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    Tuesday
    Sep062016

    The tyranny of connectivity

    I am slightly ashamed to admit to having done a fair bit of 'real' work over the long Labor Day weekend, (including yesterday, Labor Day itself). 

    Of course I didn't really want to work on Labor Day, or perhaps said differently, I did not want involve other people in said work, mainly by sending out email messages to them on a holiday. But, sadly, I indeed did send a few email notes out, interspersed with the other work that I was doing that did not need to involve communicating to others in order to complete.

    And I as wind up the holiday, (I am writing this on Monday night, pretty late), I have three quick observations from my Labor Day spent, (at least partly), working.

    1. LOTS of other people were working too. As I mentioned, I did, against almost everything I hold dear, send a few work-related emails on Labor Day. I received replies from almost everyone I contacted. And three or four people replied to me within 10 minutes of my original message. If Labor Day is meant to be a celebration of the working person, lots of working persons I know were also, actually, working.

    2. NO ONE I corresponded with over email or chat on Labor Day did not mention the fact that it was, in fact, a holiday. No one questioned why I was messaging them. No one replied, 'hey, it is a holiday, I will get back to you tomorrow', and almost no one failed to get back to me by about 8PM ET, (as I am writing this). 

    3. Aside from the aforementioned email exchanges, I spent most of my 'working' time on tasks that did not require outside collaboration, input, or communication. They were just things I needed to do, and were fairly important, but for some reason had not been done. I noticed my ability to get these tasks completed on a holiday, where I was not being peppered every 2 minutes with a new incoming email or chat message was incredibly enhanced. Quite simply, I was probably twice as productive working on these items on a holiday as I would have been on a normal Monday, when I am, like everyone else, almost constantly being barraged by incoming messages and requests. If I changed my working hours to say, 7PM - 3AM I swear I would be two or three times more productive than I am now. The technology and the need to stay 'connected' all the time during the normal workday is killing our ability to get things done.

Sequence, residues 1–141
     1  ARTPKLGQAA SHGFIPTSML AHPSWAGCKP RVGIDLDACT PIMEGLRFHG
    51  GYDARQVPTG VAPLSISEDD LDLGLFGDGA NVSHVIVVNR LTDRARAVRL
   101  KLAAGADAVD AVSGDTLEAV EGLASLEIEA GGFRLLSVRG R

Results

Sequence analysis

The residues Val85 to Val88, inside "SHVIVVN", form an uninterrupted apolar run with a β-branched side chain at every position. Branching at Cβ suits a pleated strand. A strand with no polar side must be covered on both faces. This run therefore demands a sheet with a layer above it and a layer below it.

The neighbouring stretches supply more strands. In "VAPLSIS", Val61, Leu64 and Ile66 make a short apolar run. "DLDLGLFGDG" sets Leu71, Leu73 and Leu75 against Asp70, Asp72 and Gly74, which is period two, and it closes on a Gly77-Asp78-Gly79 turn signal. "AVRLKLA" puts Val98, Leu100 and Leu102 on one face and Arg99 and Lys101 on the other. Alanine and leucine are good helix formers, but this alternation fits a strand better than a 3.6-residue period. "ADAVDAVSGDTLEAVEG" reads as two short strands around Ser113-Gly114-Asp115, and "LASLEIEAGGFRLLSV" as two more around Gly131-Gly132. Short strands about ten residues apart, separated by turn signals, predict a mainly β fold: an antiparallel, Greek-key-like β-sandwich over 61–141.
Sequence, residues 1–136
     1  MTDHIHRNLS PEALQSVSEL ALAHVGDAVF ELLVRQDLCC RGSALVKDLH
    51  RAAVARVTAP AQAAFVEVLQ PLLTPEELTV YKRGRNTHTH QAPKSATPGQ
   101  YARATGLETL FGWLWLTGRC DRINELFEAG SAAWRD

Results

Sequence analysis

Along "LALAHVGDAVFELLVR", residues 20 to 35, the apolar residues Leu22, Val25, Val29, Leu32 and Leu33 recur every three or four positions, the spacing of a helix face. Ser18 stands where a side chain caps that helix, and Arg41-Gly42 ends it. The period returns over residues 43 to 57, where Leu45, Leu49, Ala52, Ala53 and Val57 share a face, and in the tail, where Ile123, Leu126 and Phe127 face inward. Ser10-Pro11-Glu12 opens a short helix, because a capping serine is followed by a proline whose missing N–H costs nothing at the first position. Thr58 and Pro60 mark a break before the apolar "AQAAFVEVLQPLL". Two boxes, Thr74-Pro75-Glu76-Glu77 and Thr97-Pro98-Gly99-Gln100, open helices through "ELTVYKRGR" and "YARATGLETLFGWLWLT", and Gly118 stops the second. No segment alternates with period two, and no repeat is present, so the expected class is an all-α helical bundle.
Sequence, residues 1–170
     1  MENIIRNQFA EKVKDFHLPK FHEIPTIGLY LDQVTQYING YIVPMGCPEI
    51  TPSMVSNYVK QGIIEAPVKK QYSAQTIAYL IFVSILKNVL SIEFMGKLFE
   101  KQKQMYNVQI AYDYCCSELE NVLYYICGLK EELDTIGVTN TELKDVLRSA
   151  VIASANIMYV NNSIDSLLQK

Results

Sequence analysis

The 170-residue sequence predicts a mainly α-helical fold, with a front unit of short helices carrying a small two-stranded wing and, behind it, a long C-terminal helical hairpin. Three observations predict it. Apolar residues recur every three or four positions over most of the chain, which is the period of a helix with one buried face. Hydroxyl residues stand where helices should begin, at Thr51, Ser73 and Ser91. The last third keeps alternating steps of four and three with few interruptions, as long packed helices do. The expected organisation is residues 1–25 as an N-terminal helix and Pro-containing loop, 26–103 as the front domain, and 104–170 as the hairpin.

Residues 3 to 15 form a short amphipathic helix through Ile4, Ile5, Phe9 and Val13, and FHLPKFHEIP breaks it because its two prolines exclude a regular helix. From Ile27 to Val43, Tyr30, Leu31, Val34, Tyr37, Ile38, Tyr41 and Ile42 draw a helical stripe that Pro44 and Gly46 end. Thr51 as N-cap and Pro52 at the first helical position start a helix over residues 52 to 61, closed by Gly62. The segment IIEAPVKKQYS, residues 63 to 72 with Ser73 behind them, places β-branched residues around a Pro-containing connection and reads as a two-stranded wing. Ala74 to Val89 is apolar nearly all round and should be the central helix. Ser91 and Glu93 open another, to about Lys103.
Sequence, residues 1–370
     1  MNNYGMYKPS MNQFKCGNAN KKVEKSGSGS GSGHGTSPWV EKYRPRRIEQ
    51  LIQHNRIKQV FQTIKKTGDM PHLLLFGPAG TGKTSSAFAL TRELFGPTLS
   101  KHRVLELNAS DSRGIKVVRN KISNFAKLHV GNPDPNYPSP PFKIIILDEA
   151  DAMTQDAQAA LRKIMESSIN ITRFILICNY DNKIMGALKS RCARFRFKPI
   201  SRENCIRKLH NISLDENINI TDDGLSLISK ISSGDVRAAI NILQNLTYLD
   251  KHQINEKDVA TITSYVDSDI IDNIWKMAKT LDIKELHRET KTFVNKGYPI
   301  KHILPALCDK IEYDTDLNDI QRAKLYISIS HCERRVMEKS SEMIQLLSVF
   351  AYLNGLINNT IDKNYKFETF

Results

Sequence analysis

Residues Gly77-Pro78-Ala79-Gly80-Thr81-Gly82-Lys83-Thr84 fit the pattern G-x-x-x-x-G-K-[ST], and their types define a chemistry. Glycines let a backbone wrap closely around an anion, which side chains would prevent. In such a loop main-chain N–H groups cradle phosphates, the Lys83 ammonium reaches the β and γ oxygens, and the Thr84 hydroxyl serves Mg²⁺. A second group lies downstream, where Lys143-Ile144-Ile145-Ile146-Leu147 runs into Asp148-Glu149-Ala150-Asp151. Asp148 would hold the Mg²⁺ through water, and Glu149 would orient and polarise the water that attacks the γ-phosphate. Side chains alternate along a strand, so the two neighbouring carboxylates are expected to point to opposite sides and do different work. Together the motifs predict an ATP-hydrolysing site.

I am not about to change my official work schedule to 'off hours', but I can't say that I am not tempted. there is something to be said for working when no one, (or most anyway), are not working, and you can be, despite our state of constant connectivity, be more or less alone with your thoughts.

    There are thousands of productivity advice pieces that advocate that you consciously disconnect from email and work chat and Slack, etc. during the work day in order to get more work done. But realistically, how many people actually take that advice and feel comfortable and empowered enough to actually not be accessible to work colleagues for large stretches of the workday?

    Most organizations, and teams, expect if not demand almost real-time access and response.

    It is not until you spend a day, or even a few hours, working when that expectation simply does not matter until you realize how our constant connectivity damages our ability to get anything done.

    Having said that, maybe I should not have been surprised so many other folks seemed to be working on Labor Day. They too must have realized that a holiday is the best day to get anything done.

    Have a great week!

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